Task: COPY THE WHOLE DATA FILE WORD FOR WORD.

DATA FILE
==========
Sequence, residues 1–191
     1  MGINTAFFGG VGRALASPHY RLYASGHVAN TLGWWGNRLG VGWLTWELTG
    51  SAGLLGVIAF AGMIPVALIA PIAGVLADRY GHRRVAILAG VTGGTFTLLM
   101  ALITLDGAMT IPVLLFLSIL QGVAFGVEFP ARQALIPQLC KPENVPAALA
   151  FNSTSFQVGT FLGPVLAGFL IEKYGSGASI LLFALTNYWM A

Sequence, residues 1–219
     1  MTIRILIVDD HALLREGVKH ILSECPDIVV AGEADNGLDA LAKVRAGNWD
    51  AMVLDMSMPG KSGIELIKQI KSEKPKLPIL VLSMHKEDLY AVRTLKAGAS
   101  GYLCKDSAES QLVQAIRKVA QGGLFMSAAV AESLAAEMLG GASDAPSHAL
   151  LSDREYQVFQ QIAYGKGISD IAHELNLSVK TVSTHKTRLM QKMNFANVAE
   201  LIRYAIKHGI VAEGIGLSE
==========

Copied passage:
Sequence, residues 1–191
     1  MGINTAFFGG VGRALASPHY RLYASGHVAN TLGWWGNRLG VGWLTWELTG
    51  SAGLLGVIAF AGMIPVALIA PIAGVLADRY GHRRVAILAG VTGGTFTLLM
   101  ALITLDGAMT IPVLLFLSIL QGVAFGVEFP ARQALIPQLC KPENVPAALA
   151  FNSTSFQVGT FLGPVLAGFL IEKYGSGASI LLFALTNYWM A

Sequence, residues 1–219
     1  MTIRILIVDD HALLREGVKH ILSECPDIVV AGEADNGLDA LAKVRAGNWD
    51  AMVLDMSMPG KSGIELIKQI KSEKPKLPIL VLSMHKEDLY AVRTLKAGAS
   101  GYLCKDSAES QLVQAIRKVA QGGLFMSAAV AESLAAEMLG GASDAPSHAL
   151  LSDREYQVFQ QIAYGKGISD IAHELNLSVK TVSTHKTRLM QKMNFANVAE
   201  LIRYAIKHGI VAEGIGLSE